Free-to-access, public playgrounds are the most common places for children to play according to a new national survey from the University of Reading.  In the largest study of play in Britain, children on average spent more time playing in playgrounds than any other place.

The British Children’s Play Survey was conducted with a nationally representative sample of 1919 adult respondents who had a child aged 5-11 years. The survey asked parents in April 2020 to respond about normal life before Covid-19 restrictions.

Away from home and in the garden, playgrounds are the most popular spaces for outdoor play at least once a week, closely followed by green spaces, and they are also the third most adventurous place for children’s play.

The paper’s lead author, Professor Helen Dodd, says: “We can see that playgrounds and green areas are critical spaces for children’s play, particularly outdoor, adventurous play. It is therefore crucial that all children have access to spaces like these for their development and wellbeing. Providing the spaces is not enough though, urban planning must take into account how children and families will travel to and access these spaces and they need to be engaging and interesting places for children’s play.”

Chair of the Association of Play Industries (API), Mark Hardy, says: “The study confirms the essential role that public play areas have in the physical and mental health of children.  Playgrounds are vital community assets which have a significant impact on children’s health and wellbeing.  Recent years have seen a sharp decline in the number of playgrounds.  These community spaces are hugely under-funded and hundreds are disappearing.  There is now an urgent need for sustained investment in a UK-wide network of playgrounds to protect and enhance children’s health.”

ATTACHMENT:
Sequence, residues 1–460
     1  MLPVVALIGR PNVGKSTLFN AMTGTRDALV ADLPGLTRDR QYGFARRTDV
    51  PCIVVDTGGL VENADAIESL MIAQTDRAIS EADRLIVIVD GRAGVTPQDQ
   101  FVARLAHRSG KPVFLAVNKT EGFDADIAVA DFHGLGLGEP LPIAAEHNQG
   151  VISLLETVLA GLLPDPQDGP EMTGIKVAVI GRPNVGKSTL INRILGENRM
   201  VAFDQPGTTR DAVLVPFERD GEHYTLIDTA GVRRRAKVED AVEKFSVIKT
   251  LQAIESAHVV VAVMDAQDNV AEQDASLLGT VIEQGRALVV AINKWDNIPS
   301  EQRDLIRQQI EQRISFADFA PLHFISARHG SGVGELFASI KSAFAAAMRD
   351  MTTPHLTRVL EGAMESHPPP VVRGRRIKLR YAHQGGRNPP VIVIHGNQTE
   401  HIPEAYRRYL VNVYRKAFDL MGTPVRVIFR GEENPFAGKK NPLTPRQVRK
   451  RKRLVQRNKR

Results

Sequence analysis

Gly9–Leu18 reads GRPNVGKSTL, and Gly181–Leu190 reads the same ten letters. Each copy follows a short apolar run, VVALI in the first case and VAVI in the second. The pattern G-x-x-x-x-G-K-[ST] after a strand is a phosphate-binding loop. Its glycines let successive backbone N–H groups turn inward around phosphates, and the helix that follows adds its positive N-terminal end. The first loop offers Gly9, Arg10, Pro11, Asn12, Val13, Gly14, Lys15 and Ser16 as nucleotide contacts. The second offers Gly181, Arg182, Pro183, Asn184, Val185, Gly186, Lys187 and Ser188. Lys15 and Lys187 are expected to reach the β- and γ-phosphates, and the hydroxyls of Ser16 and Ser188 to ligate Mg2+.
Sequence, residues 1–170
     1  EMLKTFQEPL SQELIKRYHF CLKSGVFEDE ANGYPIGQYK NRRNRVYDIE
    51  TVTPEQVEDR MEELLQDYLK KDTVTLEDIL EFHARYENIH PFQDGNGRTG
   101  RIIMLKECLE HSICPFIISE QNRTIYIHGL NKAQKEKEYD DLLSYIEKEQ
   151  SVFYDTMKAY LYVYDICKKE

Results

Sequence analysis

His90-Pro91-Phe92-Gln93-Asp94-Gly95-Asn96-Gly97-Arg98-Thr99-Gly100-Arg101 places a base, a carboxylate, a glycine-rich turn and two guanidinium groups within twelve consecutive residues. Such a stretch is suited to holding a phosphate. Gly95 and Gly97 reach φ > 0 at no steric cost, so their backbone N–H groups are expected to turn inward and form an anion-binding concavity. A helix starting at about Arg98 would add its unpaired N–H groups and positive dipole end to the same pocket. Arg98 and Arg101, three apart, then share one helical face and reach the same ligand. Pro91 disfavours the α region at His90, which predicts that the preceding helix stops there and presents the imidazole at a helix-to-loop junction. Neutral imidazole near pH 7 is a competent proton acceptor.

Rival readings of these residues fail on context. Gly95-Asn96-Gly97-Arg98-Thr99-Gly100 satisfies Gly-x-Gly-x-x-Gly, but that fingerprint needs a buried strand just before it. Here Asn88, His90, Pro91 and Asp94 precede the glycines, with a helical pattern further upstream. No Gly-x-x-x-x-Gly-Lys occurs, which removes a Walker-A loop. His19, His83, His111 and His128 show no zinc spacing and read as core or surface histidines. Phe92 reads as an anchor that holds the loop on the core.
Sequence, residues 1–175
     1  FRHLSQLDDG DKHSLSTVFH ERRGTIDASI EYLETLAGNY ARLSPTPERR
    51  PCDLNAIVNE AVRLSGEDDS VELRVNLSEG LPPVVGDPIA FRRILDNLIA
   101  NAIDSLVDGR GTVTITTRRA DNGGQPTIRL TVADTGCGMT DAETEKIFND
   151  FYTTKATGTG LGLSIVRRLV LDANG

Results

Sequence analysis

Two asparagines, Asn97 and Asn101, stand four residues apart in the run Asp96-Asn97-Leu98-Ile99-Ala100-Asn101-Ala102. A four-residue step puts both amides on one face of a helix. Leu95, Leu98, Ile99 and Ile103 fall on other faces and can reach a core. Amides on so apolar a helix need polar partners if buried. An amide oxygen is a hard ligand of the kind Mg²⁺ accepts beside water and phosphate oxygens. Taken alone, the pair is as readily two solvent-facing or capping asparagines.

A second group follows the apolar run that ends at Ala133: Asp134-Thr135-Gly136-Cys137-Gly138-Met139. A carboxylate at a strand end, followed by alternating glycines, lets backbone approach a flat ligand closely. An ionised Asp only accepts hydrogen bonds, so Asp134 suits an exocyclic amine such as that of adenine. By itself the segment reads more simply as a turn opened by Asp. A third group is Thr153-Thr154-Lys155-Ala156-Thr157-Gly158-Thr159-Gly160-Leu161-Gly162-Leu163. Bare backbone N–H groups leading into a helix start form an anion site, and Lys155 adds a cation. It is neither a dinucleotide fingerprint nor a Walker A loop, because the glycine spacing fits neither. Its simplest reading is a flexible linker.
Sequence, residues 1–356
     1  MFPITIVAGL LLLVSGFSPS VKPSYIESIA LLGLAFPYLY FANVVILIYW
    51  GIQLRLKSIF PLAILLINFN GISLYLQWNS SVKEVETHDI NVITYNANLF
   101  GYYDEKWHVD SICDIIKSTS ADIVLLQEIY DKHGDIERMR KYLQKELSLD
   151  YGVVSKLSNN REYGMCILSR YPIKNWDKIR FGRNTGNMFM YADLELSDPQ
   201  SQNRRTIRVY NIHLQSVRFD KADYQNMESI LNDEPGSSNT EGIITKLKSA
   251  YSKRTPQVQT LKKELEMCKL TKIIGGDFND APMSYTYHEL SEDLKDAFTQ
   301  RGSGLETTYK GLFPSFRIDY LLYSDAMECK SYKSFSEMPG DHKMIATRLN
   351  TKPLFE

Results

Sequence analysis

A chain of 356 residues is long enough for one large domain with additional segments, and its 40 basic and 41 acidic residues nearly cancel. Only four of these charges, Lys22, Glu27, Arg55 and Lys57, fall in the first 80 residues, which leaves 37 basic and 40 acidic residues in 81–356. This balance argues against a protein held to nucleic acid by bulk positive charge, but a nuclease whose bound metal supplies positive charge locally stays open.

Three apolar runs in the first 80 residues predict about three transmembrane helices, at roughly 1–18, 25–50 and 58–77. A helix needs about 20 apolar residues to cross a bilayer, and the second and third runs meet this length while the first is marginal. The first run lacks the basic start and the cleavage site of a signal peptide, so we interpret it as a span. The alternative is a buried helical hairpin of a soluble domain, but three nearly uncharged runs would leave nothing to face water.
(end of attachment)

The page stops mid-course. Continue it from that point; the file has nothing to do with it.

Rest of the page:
Shrewsbury Town Council conducted research showing a dramatic rise in footfall in public play facilities over the course of the pandemic, demonstrating how important these assets are to children and local communities.  The SLCC, which represents the chief officers to over 5,000 town, parish and community councils, are calling on the Government to recognise the importance of play in exercise, provide financial support for shared public spaces and long-term legacy funding for parks and playgrounds.

A growing number of leading academics are also calling for children to be placed at the heart of the nation’s recovery post-pandemic, with experts calling for a ‘summer of play’.

There has never been a time when playgrounds have been so important,” says Mark. “They are key in helping children to recover from a year of restrictions which have forced them indoors. The Government’s pledges to ‘Build Back Better’ and ‘Level Up’ must include children, with investment in a sustainable national network of public play spaces before hundreds more are lost for good. For children living in the most disadvantaged areas and those in the 1 in 8 UK households without gardens, playgrounds are their lifeline.”